I bought a new book at the weekend. It was lovely, pink and filled with delicious recipes and I was almost dizzy with excitement as I paid for it.
Yes, it was the new book by author Marian Keyes who has long since been a hero of mine. This book however is different from her others - it’s not a novel. But that doesn’t mean that it doesn’t tell a story in its own right. Saved by Cake is the name of the book and to the untrained eye it looks very much like one of many cook books now available.
It seems, you see, that the whole world has gone mad for baking. Take a wander through Tesco/Sainsbury’s/Lidl/whatever your supermarket of choice may be and you will have noticed a very definite expansion in the home baking aisle lately.
And if you get your jollies in the sad way that I do, by walking through the aisles of Dunelm Mill or similar establishment, you won’t have failed to notice how baking tins and silicon moulds, icing bags and rolling pins are now displayed beautifully tempting us to part with our hard earned cash.
A quick wander around social media networks see pages upon pages set up by wannabe bakers and cupcake experts. No longer can us mere mortals get away with buying a cake in Tesco on birthdays - oh no, we have to craft and create, bake and mould, ice and decorate. (Or get someone in the family to do it for us... thankfully for such purposes my children have both an Auntie Nemma and an Auntie Raine).
And now, Marian has gone in on the act - with 80 delicious fancy recipes of treat laden yumminess for us to try and make.
This book tells its own story. It’s more than “just” a cook book. Marian compiled the book while battling a prolonged bout of severe depression. In the prologue to the beautiful, pastel coloured book she talks of how she had a suicide plan, how she kept a bag ready to take with her when the urge to end her own life became too much so that she could do it in the least messy and traumatic way possible for those she left behind.
She writes how she lost the ability to function; to write, to read, to talk, to do almost anything. And then she found baking; just a little measured task in which she created something and filled her time.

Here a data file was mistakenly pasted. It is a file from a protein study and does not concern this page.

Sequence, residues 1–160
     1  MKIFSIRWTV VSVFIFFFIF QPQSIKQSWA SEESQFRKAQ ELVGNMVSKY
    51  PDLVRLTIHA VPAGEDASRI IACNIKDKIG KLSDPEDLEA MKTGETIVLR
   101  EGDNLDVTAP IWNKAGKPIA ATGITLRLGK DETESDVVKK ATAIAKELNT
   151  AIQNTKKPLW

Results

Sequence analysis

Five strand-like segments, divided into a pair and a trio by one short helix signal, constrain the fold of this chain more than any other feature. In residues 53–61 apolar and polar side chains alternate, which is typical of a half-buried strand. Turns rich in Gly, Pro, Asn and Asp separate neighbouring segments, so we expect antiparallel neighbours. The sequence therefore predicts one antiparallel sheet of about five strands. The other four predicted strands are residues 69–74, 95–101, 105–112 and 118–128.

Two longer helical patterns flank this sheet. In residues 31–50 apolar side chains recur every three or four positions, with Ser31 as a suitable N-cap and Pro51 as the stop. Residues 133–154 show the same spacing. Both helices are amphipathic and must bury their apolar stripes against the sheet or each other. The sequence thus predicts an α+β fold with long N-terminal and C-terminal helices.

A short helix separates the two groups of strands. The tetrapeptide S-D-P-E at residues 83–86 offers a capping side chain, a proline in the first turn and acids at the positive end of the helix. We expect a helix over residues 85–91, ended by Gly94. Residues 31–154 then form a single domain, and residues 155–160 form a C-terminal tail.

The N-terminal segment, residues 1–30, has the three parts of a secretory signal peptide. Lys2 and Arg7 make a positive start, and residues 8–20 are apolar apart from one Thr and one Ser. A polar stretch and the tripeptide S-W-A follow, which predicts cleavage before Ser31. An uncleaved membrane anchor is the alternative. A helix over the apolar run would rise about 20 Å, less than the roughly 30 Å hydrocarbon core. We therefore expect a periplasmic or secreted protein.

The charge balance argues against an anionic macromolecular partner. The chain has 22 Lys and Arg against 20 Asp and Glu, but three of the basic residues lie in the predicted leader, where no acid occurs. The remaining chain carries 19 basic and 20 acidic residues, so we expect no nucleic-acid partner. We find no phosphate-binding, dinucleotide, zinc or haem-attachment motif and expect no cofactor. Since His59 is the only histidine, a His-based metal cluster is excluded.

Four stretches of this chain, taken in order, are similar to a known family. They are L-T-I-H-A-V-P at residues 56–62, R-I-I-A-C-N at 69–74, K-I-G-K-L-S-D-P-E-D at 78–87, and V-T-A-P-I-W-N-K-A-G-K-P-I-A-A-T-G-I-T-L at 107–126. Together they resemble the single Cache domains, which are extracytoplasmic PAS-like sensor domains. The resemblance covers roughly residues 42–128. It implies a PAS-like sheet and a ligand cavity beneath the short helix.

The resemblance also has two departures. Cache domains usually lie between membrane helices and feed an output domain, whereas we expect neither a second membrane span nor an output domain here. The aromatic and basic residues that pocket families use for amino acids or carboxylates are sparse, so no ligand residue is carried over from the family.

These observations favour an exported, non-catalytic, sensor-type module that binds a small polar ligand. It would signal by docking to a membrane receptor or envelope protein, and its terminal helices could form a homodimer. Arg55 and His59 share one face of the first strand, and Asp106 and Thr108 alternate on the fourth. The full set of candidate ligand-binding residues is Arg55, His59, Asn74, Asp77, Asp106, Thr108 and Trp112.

She says she was “saved by baking” and in the wake of admission others have come forward to say how such hobbies help them to deal with the tough times. It sounds a bit twee doesn’t it? That simply getting the baking bowl out can make a difference to your mood? But it makes sense to me.
I’ve never considered myself much of a cook, much less anything of a baker. I have rather painful memories of Home Economics in school where my swiss roll wouldn’t roll, my scones could have broken windows and my fairy cakes tasted vaguely of sour milk even if no milk at all was involved in their creation. (I never did warm to cooking in the HE classroom though - not after the day a dead mouse was found in one of the utensil drawers...)
My daughter, however, although not quite 3 (We have 9 days to go until that landmark) loves to cook and every Saturday she stares at me open mouthed with excitement and orders, like a tiny dictator, “Today, we make buns. Okay?”.
I admit I was shamed when my bun making was entirely about melting some chocolate and stirring in some Rice Krispies. So I graduated to those packet buns - where you add an egg and some water and pour the gloop into Disney themed bun cases before sticking on decorations which taste like communion. After a while, however, I was told I would be quicker making my own buns from scratch - and truth be told the upsurge in people whipping up a quick batch of cupcakes made me think that it couldn’t really be that hard, could it?
But there are no two words which strike quite so much fear in my heart as “from scratch”. I like things non-scratchy and almost there, if the truth be told. Five minutes in the microwave and I’m smiling. But with my very own little cook by my side we tried it. We’ve made cookies and cupcakes, the oddly names Apple Dappies and fresh strawberry muffins. And they haven’t been disgusting. Those hours on a Saturday and Sunday have been our time. We have had a silly amount of pleasure from measuring and mixing, cracking eggs and sifting flour. We have dabbed each other’s noses with cake mix and laughed. We have feasted on our buns after painstakingly decorating them with icing or chocolate or sprinkles. (The girl is all about the sprinkles). It all feels like one big shiny scene from an Enid Blyton novel when things were much simpler.
Sharing those moments has allowed me to forget what else may be going on in my life, to forget about the washing which needs washed. The clothes that need dried. The book that needs written. And it has been lovely - and therapeutic.
So I get why we are all going baking mad. I get the enjoyment, finally, out of preparing buns from scratch. I get that is a relatively simple task, but one which can be very soothing. And you get cake at the end of it - what’s not to love?
So when I get the mixing bowl and the cake tin, the Stork and flour and the teddy bear mould and the wooden spoons out this weekend it will be entirely for medicinal and therapeutic reasons.
I might even attempt a swiss roll - and if Marian says its good for me, then it must be.